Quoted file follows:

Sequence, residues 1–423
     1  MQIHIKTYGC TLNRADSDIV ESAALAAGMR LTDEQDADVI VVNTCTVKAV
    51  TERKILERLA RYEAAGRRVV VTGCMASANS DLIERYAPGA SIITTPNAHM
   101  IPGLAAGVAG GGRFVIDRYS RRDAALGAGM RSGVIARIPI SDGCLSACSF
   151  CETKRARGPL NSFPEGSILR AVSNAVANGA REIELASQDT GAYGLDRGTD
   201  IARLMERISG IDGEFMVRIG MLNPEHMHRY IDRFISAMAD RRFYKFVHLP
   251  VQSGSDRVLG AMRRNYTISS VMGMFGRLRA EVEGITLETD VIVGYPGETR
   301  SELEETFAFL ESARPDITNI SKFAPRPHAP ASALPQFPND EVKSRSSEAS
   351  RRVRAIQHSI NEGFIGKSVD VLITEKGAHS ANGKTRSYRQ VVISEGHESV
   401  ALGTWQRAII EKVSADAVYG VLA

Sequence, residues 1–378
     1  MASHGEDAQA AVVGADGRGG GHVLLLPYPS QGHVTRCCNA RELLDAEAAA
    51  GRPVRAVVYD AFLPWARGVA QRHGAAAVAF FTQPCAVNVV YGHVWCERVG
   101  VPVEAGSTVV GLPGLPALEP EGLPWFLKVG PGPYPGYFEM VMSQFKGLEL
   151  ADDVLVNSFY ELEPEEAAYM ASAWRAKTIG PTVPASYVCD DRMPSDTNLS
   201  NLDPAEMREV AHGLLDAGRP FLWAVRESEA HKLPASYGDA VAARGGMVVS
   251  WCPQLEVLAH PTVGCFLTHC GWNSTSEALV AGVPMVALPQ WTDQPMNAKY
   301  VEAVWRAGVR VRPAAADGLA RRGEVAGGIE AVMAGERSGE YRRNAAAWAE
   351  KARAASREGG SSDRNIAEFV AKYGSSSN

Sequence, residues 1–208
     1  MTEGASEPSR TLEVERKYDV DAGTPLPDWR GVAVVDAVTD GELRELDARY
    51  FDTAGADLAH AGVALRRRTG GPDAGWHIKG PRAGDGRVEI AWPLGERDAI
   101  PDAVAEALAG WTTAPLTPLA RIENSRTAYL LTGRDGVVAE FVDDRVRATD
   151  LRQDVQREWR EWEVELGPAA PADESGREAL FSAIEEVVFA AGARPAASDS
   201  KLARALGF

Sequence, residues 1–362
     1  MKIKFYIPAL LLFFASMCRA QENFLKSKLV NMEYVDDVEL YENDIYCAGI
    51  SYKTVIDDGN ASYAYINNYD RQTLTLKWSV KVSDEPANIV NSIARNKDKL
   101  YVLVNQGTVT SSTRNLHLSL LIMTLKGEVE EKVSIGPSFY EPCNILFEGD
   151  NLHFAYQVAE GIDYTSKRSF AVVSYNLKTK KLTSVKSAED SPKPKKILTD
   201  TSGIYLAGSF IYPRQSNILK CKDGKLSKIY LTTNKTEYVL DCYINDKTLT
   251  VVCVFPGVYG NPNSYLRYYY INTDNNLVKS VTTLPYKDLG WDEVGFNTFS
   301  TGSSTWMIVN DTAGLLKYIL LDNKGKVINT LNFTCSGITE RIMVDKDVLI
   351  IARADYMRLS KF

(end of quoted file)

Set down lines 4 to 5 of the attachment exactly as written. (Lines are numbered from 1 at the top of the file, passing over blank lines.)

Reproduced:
   101  IPGLAAGVAG GGRFVIDRYS RRDAALGAGM RSGVIARIPI SDGCLSACSF
   151  CETKRARGPL NSFPEGSILR AVSNAVANGA REIELASQDT GAYGLDRGTD